National Fisherman

Last year before the longline season a longtime back-burner project became a reality. I created Fish for Teeth, an IRS-recognized 501-c-3 corporation that seeks opportunities to extract money from the commercial fishing industry and use it to fix kids' teeth.

At this time Fish for Teeth is just starting up, and will begin fixing kids' teeth in San Juan County. I designed the organization so other communities can set up a Fish for Teeth chapter and start fixing teeth in their neck of the woods. After we fix a handful of teeth, the idea is to solicit grant funding to provide dental care on a larger scale, all in the name of commercial fishing.

The initial target for funds was from over-limit fish revenues from the Bristol Bay fishery. I realized the over-limit catch of rockfish from the longline fishery could also produce some income. Last year, from rockfish donated from the Discovery's catch then filleted and frozen from Seafood Producers Cooperative in Sitka, Fish for Teeth grossed over $1,500 while using these rockfish as bait for donations.

This year I managed to assemble a pack of more rockfish fillets than last year at the SPC plant during the first part of the season. They shipped them down to Bellingham while we completed our fishing, so the fillets were waiting for us in the cold storage when we arrived in Bellingham at 4 p.m. on Thursday.

I didn't load the rockfish fillets into my truck until after we delivered on Friday, May 2. There were four 80-pound wet-lock boxes that fit perfectly into one of the totes. Next I went to a place that sold dry-ice in bulk and loaded it up with 60 pounds of dry ice to keep it frozen until I got home, which wouldn't be until Saturday morning, because I still had to run to Port Townsend to take the fishing gear off the Discovery.

The fish made it home just fine, and it took some fancy stuffing and arranging to make it all fit into the two chest freezers I keep in my garage. Once contained, I put them out of my mind for a week until I gathered the gumption to host the donation day. I put the word out on my Fish List that Fish for Teeth had premium rockfish fillets for FREE — with a $6 per pound suggested donation.

I set the donation day to be May 10, 2008. As usual I was late, and had a small crowd waiting for me (I LOVE those crowds!) when I pulled into my spot at Printonyx. I had a couple dentists talking up the program while I was handing out the fish. We got rid of almost all of the fish in less than four hours' time, and landed nearly $2,200 in donations!

At our Fish for Teeth annual meeting on Wednesday, May 21, we decided to move forward with fixing teeth, since that is the purpose of our being. We figured out the forms and a rough idea of how to process the kids through the system. The nice thing is that there is no red tape. All we need is enough paperwork to document where the money is going for whom and how, and we are ready to start fixing teeth!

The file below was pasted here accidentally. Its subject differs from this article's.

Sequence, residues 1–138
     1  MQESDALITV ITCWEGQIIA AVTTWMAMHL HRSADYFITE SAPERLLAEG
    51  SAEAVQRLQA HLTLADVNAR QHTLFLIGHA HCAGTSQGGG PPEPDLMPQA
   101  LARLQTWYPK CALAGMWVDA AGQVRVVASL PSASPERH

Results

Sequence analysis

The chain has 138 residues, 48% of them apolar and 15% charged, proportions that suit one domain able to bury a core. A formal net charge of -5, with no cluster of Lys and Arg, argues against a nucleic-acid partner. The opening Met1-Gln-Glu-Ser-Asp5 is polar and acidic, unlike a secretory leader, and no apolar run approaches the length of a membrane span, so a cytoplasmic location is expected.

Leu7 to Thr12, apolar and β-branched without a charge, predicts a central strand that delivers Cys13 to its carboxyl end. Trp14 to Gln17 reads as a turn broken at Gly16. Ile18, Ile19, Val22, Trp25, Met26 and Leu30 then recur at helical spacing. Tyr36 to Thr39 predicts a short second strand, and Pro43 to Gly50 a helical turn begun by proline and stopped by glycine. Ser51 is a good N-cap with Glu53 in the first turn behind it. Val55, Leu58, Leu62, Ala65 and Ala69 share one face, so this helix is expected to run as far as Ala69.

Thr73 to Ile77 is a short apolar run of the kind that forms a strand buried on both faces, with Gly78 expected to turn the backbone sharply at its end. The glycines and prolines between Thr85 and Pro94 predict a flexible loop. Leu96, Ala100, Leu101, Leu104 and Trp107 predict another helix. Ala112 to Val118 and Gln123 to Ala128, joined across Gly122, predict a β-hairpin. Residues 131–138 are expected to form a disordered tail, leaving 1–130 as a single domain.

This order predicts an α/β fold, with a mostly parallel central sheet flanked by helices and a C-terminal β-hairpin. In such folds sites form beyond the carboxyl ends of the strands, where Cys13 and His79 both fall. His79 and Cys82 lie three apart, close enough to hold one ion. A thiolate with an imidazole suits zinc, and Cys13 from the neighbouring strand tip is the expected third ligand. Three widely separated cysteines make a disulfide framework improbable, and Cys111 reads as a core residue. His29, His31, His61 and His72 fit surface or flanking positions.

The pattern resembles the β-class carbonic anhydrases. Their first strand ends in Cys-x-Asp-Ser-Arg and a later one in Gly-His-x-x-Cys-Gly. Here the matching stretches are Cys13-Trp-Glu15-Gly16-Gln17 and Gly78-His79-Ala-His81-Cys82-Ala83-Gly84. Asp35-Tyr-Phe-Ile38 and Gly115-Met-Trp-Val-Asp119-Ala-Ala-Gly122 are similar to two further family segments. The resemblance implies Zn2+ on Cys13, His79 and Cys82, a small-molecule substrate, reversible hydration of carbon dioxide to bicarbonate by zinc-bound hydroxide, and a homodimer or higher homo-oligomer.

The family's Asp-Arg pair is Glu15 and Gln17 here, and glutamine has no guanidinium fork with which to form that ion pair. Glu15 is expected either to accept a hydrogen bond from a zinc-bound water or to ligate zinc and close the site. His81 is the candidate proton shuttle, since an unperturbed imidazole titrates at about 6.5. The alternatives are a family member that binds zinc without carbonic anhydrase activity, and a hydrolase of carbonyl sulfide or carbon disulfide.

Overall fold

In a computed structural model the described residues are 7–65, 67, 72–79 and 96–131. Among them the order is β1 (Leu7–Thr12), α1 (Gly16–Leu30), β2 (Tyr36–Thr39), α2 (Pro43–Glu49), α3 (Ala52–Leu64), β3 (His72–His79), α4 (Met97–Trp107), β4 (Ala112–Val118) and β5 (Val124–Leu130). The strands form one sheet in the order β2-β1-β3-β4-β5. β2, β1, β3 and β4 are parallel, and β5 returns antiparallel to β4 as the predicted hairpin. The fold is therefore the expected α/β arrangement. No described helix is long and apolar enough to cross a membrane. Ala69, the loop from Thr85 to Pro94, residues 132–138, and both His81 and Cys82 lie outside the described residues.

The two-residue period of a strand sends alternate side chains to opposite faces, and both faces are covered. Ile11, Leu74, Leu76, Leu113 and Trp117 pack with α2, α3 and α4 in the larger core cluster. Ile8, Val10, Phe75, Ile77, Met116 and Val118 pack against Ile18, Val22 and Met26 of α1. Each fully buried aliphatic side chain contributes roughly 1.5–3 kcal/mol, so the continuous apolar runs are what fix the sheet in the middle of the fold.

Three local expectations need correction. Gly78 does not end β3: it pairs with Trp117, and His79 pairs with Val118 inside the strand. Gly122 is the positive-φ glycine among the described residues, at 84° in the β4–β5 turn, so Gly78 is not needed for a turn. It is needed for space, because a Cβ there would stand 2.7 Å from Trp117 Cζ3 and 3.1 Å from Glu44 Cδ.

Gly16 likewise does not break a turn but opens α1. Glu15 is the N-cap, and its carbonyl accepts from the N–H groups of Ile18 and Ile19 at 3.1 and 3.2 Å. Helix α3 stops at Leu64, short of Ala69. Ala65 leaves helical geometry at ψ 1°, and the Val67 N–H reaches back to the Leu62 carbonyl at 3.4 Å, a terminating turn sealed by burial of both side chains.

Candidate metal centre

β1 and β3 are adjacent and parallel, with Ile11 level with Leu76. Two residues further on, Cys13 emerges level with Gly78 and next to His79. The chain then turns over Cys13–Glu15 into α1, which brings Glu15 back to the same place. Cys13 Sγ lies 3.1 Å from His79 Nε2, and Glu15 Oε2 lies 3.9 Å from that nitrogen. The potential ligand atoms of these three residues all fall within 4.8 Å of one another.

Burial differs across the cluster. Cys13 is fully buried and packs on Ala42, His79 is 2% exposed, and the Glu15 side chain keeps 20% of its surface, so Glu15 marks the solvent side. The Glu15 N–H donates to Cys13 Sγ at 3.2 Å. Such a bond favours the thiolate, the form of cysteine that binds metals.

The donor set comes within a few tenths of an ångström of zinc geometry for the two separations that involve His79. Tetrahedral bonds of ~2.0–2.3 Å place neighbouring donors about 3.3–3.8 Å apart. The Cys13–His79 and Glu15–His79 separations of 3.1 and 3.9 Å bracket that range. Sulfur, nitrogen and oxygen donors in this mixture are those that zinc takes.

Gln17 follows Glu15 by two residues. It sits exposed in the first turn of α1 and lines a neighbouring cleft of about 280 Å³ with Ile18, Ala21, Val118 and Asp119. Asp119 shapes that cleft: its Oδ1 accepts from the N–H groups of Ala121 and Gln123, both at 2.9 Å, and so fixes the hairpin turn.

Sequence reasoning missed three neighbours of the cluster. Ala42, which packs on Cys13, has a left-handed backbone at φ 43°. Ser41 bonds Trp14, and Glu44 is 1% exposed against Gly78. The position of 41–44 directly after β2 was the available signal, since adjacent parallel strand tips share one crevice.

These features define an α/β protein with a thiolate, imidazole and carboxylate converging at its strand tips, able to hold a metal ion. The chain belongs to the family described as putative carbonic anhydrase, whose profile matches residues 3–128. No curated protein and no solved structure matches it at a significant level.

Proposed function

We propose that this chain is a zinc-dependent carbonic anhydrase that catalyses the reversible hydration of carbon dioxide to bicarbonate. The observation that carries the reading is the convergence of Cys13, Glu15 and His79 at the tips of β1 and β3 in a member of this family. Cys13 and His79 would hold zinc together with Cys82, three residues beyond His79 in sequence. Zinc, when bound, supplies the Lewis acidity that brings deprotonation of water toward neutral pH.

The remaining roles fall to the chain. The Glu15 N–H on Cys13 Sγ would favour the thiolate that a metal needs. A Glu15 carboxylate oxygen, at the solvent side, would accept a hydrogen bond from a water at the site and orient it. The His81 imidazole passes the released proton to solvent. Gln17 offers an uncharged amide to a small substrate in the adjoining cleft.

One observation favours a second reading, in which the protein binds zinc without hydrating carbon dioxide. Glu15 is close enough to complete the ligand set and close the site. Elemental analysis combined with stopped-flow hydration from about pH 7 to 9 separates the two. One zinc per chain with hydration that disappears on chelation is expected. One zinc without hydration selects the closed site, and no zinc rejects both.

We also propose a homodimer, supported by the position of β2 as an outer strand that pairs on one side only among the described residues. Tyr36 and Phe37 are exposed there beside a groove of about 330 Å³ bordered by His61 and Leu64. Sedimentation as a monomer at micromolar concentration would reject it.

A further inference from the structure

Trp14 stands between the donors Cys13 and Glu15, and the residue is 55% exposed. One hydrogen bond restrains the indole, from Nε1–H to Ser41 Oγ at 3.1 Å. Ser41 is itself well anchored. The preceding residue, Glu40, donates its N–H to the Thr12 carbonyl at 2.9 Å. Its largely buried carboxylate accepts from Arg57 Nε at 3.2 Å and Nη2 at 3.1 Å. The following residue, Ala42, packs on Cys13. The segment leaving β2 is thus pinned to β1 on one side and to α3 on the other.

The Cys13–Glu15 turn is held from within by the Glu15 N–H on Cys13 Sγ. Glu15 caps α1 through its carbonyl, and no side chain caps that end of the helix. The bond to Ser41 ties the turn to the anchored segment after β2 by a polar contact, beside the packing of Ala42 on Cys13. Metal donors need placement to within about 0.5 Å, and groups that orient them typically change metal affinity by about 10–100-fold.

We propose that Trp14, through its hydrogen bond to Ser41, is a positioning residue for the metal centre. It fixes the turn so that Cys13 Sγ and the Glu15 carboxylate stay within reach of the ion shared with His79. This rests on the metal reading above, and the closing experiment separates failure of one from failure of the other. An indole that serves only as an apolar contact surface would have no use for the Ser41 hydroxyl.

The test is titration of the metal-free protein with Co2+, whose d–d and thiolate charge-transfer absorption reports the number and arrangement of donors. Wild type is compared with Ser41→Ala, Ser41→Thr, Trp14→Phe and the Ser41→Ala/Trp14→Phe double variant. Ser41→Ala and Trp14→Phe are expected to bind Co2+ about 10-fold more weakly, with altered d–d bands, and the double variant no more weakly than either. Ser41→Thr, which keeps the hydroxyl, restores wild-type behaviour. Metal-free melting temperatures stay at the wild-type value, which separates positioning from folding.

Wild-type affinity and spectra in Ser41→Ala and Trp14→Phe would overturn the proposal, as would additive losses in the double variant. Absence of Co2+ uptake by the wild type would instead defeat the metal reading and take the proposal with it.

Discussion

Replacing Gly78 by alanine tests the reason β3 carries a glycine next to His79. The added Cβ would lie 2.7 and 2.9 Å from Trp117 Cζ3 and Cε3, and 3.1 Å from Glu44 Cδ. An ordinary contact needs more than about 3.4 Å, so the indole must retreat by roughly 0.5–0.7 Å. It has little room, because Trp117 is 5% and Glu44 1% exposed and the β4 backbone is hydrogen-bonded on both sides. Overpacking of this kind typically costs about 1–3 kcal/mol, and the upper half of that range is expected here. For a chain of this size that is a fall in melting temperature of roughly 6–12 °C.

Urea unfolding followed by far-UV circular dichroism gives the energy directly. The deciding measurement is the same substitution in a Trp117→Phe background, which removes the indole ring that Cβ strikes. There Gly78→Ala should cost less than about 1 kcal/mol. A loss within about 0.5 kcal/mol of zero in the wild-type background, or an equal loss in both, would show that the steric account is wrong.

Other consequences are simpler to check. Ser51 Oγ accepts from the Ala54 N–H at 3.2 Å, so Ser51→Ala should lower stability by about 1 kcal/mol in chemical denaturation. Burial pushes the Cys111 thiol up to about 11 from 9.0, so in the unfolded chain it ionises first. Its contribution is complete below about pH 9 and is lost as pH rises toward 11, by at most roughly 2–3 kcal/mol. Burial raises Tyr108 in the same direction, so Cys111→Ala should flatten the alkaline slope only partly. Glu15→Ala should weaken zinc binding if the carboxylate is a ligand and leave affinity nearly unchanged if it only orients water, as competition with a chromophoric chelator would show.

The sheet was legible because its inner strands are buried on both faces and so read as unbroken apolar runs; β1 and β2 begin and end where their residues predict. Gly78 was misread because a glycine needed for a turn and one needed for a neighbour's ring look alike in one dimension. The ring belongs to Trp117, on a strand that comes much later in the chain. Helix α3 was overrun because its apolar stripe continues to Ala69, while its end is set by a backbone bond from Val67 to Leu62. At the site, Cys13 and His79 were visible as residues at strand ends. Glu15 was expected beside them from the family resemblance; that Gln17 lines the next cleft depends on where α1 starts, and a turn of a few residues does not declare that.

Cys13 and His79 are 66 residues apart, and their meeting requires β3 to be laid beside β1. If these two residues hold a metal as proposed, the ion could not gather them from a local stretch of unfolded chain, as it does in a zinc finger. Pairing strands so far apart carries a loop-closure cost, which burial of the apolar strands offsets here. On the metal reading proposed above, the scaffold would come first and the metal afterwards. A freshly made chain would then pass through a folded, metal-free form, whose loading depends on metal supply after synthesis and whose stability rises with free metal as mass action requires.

At this point it is pretty much in the hands of the dentists, because I am off to the land of Bristol Bay. Hopefully after this season there will be a couple of kids with fixed-up teeth so we can show the fish companies that we really mean business. Then we can really justify asking them for money so we can fix more teeth! Ultimately the goal is to encourage other communities to set up a program in their town under the Fish for Teeth organization.

Its all about fixing teeth, and FISH and TEETH!


National Fisherman Live

National Fisherman Live: 3/10/15

In this episode, Online Editor Leslie Taylor talks with Mike McLouglin, vice president of Dunlop Industrial and Protective Footwear.

National Fisherman Live: 2/24/15

In this episode:

March date set for disaster aid dispersal
Oregon LNG project could disrupt fishing
NOAA tweaks gear marking requirement
N.C. launches first commercial/recreational dock
Spiny lobster traps limits not well received

Inside the Industry

NMFS announced two changes in regulations that apply to federal fishing permit holders starting Aug. 26.

First, they have eliminated the requirement for vessel owners to submit “did not fish” reports for the months or weeks when their vessel was not fishing.

Some of the restrictions for upgrading vessels listed on federal fishing permits have also been removed.


Alaskans will meet with British Columbia’s Minister of Energy and Mines, Bill Bennett, when he visits Juneau next week and will ask him to support an international review of mine developments in northwest British Columbia, upstream from Southeast Alaska along the Taku, Stikine and Unuk transboundary rivers.

Some Alaska fishing and environmental groups believe an international review is the best way to develop specific, binding commitments to ensure clean water, salmon, jobs and traditional and customary practices are not harmed by British Columbia mines and that adequate financial assurances are in place up front to cover long-term monitoring and compensation for damages.

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